This chapter gives us an interesting picture of how the influence and power of David rose from a little grumbling into a mighty crescendo of unity in Israel. It started with David's departure from the court of Saul. As he hid for his life, he was joined at first by a group of 400 men who one might think (from 1st Samuel 22:2) was only the disgruntled misfits, unfortunate debtors and worthless ne'er-do-wells from all over Israel. However, this chapter clarifies things somewhat.
First, this chapter mentions a group of about 2 dozen ambidextrous Benjamites who severed their familial ties with Saul (who was from their own tribe) to serve David. Then there were 11 elite fighting captains from the tribe of Gad who came to follow David. 1st Chronicles 12:8 tells us that they were fierce and agile warriors. Following these were a band of captains out of Benjamin and Judah who hailed under the banner of one, Amasai. Thereafter David gained seven mighty men from the tribe of Manasseh along with them came the loyalty of the thousands of soldiers who were under their command. And so, in this way David's force grew slowly at first and then more rapidly until he had a massive following of elite military strength (1st Chronicles 12:22).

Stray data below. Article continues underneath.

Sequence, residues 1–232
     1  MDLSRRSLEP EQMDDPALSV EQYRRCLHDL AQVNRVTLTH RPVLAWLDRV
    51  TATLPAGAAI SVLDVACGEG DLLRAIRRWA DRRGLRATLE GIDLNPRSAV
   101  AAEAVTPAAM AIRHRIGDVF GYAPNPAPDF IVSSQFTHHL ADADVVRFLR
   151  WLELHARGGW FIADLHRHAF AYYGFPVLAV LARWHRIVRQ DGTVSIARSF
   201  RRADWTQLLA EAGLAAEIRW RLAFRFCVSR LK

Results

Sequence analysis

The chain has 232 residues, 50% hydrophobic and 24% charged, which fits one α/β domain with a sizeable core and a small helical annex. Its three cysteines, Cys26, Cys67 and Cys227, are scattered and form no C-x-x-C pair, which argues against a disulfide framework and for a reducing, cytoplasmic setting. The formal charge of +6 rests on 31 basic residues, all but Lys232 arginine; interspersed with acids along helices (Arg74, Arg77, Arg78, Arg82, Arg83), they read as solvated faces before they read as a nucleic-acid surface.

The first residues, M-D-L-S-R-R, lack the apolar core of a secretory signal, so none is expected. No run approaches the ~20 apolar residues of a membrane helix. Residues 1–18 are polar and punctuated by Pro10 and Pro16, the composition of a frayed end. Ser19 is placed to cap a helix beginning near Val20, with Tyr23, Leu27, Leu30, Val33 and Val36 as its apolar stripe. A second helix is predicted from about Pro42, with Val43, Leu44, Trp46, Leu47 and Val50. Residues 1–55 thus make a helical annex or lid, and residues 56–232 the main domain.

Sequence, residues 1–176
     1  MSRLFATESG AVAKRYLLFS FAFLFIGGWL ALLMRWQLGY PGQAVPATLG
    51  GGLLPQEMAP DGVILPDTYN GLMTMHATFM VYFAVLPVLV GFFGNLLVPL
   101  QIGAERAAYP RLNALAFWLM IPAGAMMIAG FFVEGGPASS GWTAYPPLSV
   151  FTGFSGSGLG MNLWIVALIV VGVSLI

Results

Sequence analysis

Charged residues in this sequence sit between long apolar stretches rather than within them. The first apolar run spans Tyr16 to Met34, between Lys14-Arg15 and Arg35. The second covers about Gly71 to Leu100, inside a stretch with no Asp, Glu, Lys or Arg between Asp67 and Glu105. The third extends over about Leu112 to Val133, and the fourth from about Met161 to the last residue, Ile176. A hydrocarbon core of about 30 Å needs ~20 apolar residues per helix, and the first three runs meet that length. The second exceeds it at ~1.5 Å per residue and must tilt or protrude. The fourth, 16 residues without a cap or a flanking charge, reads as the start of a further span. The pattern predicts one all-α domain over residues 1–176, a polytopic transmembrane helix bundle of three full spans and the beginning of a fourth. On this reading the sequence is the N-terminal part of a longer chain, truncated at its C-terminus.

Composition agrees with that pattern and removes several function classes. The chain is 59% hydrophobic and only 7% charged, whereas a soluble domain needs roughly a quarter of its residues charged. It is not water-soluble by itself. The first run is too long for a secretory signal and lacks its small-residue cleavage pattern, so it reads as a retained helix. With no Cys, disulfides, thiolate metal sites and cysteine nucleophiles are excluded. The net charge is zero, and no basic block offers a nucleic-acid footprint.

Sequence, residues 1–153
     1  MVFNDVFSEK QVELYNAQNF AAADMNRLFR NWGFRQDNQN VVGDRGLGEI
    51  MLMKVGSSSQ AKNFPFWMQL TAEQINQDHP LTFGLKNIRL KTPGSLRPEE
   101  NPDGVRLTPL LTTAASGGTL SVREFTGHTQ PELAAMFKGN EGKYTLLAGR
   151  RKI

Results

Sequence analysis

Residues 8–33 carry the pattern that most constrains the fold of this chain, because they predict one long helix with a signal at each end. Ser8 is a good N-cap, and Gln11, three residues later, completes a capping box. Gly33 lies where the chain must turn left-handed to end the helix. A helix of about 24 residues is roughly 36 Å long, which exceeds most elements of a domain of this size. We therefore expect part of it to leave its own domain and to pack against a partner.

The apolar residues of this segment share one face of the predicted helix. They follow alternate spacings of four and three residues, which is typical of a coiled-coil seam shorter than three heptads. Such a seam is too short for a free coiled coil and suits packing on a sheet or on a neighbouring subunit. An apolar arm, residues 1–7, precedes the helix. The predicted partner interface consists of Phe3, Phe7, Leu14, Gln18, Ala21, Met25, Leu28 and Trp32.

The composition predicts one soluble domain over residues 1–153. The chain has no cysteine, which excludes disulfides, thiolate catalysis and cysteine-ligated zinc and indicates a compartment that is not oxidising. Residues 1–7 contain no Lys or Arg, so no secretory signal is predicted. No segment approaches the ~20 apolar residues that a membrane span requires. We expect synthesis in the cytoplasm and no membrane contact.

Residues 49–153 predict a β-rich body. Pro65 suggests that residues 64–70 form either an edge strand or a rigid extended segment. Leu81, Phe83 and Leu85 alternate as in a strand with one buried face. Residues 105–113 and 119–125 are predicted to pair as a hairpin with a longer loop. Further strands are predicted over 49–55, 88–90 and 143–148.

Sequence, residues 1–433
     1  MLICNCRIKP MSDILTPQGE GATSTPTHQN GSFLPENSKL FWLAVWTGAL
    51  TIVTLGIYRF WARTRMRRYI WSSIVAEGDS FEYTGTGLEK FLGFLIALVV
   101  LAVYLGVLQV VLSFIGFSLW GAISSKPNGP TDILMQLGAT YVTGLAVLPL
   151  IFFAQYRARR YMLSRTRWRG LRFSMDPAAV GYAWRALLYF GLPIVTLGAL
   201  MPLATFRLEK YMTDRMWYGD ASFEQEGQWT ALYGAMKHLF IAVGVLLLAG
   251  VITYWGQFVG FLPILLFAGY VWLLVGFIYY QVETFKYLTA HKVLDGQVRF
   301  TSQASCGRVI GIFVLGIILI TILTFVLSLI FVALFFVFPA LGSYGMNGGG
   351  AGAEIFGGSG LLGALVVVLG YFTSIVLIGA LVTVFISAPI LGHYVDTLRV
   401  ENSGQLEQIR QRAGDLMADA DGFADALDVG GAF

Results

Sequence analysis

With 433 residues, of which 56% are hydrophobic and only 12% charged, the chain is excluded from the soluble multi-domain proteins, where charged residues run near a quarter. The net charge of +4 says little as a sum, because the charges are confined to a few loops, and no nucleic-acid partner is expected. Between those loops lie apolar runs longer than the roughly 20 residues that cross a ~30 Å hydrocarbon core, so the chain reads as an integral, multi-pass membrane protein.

So, at his inauguration, David's ceremony was attended by well over 300,000 men in military uniform (many of them leaders of larger groups of men who couldn't or just didn't come to the big 3-day hoo-hah – 1st Chronicles 12:40). And, why shouldn't it have been? Israel finally had an able king who loved God and who loved his people. It was a glorious time in Israel's developing history.